Michigan usually has a consistent amateur competitor in the Lamar Hunt US Open Cup, a team you all might know as the Michigan Bucks. They’ve made the tournament a total of eight times in their 15 seasons, their most recent appearance coming in 2008. But instead of them, a different team is representing Michigan this time around. For the first time since 2001, a USASA team from the state has qualified: Detroit United.
Detroit United poses for a team photo.
Owner/manager George Juncaj started his soccer journey immigrating to the United States in 1983. He played semi-pro in Southern California for his first few years, before coming to Michigan when a new opportunity arose in 1993. He played with various amateur teams around Metro Detroit until fights between players and spectators (fueled by ethnic hatred) forced him to hang up his boots.
Juncaj returned to the local soccer scene in 2002, playing simple pick-up with some friends, when younger players started to come around and join in the action. At some point, others started to cause trouble, and that’s when he decided it’s time to start a team in a structured league.
The new team that Juncaj started would come to be known as Detroit United, and the name comes from his past experiences at the amateur level, as well as inflicting a change in how an amateur team in Detroit comes to be:
The logo for Detroit United
“The reason I came to [the decision to name the team] Detroit United, I looked, and … you basically have ethnic groups. You have the White Eagles (a Polish club), you have Drita (Albanian), you have the [Carpathia] Kickers (German), etc. … So I said, you know what, I’m going to put Detroit United, where it’s going to be an option, whoever lives in Detroit, they can come play for this team. And that’s exactly what’s happened. I have two, three guys from Africa, I have a guy from Israel, I have many from Europe, I have an Argentinean, I have a Brazilian, and I used to have a Chinese guy. I used to have a Japanese guy, but he left soccer, and he went to play pro baseball in Japan.”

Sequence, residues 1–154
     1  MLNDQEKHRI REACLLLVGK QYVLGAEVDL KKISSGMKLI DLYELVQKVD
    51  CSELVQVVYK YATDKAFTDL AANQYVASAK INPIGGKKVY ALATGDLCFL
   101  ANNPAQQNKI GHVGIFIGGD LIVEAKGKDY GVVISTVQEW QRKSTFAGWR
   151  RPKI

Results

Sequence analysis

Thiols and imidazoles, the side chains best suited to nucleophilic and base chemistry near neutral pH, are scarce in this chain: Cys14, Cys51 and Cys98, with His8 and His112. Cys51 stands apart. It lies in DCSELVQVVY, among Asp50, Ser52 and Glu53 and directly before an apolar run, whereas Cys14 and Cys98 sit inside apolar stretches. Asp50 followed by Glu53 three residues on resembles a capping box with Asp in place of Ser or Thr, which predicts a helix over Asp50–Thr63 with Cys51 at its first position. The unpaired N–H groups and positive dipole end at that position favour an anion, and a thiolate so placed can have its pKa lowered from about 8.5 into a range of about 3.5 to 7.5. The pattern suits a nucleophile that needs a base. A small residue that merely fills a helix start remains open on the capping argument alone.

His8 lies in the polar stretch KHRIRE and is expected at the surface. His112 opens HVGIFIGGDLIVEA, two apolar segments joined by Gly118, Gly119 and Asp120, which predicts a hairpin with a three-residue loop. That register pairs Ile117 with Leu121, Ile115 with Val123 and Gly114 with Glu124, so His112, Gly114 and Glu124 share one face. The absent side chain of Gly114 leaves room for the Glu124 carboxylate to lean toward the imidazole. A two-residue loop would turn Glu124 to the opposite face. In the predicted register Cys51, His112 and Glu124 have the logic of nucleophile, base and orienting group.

Juncaj feels that it’s important to not have any barriers keeping certain players from his team, unlike the many ethnic clubs that dot the soccer landscape in the Detroit area. “I never ask a person ‘where are you from?’ It doesn’t mean anything to me.”
As mentioned earlier, there are many international players on the squad. However, the core group of the team is mostly American. The first player Juncaj was quick to point out is Tommy Eller. He’s described as a fast player, controlling the ball very well, and one of the most unselfish players in the game (winning an award in that respect). According to his coach, “he might be one of the better players in the state of Michigan.” Other players mentioned include his captain, defender Tom Stark, as well as goalkeeper Ryan Mathe, Zach Wilkes, and Worteh Sampson (the last two formerly suiting up for the pro indoor team Detroit Ignition). Sampson also played for a time with the Charlotte Eagles of the USL Second Division. Those five players are the core group of the team.